Commercial Leasing: “Subordination, Non-Disturbance and Attornment”

By: Jeanne S. Saffan, Esq.

Commercial properties have not been immune from the stresses of a sluggish economy and we continue to see significant turnover in the ownership of properties due to lender foreclosures. Following foreclosure, the relationship between the commercial lender, commercial tenant and new property owner, may be governed by a subordination, non-disturbance and attornment agreement (“SNDA”), or similar provisions in a lease. The terms of the SNDA will vary in accordance with the commercial tenant’s bargaining power. For instance, a significant anchor store in a mall will have much more bargaining power when entering into a lease, than a single location retail boutique.

Each of the parties to an SNDA has legitimate objectives when entering into the agreement. The landlord typically wants to get the property leased and to satisfy the lender’s requirements when applying for financing. A stable tenant represents a steady stream of revenue and puts the property owner in a more favorable position with the lender.

The commercial lender generally secures its loans with a power of sale mortgage on the real estate. The value of the collateral will be determined largely by the amount of current and future lease revenue, and the ability of the lender to sell the property. The lender wants the assurance of a tenant who, after foreclosure, will continue to lease the property from a subsequent property owner, but to preserve its options, the lender also wants any interest a tenant may have in the property to be subordinated to the lender’s rights in the event of default and foreclosure.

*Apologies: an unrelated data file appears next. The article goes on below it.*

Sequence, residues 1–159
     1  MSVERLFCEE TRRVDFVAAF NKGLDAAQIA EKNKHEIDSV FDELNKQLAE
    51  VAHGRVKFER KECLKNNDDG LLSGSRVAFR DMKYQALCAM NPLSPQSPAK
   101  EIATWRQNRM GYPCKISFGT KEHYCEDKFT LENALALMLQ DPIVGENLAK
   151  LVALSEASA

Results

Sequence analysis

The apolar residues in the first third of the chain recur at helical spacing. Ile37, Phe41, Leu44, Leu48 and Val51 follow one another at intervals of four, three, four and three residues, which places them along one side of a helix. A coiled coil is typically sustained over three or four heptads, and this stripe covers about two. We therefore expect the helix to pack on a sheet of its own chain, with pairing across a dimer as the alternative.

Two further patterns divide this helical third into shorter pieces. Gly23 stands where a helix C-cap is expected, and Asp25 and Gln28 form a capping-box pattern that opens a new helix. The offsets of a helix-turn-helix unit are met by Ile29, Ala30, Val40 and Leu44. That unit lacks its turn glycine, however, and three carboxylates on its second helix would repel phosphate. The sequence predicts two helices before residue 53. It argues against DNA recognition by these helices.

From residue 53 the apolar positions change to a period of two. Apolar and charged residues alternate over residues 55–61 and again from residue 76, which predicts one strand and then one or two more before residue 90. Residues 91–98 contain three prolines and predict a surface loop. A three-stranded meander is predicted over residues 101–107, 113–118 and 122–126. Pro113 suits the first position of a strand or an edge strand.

The commercial tenant is primarily concerned with its ability to remain on the property in the event of foreclosure. Many commercial tenants make large investments in the real estate that they occupy, and an eviction by the foreclosing lender, or subsequent property owner, would be costly. The language of the “non-disturbance” provision of the SNDA assures the tenant that it will be able to maintain its business in the same location following foreclosure. When the tenant “attorns” to the lender or purchaser, it confirms that the lease remains in effect with the new landlord.

Non-anchor tenants and most landlords should carefully consider an SNDA agreement or lease provision early in their relationship. Even if lender financing is not an issue at that time, if the landlord applies for a loan later, the lender’s bargaining power will be greater than that of either the landlord or tenant, and its requirements will be considerable. Anchor stores and prominent commercial tenants, on the other hand, possess substantial bargaining power and should use it to negotiate provisions of an SNDA agreement that protect their long-term investment in the property.

If you need help understanding your rights under a commercial lease or SNDA, please contact a member of our firm’s Real Estate, Development and Environmental Practice Group.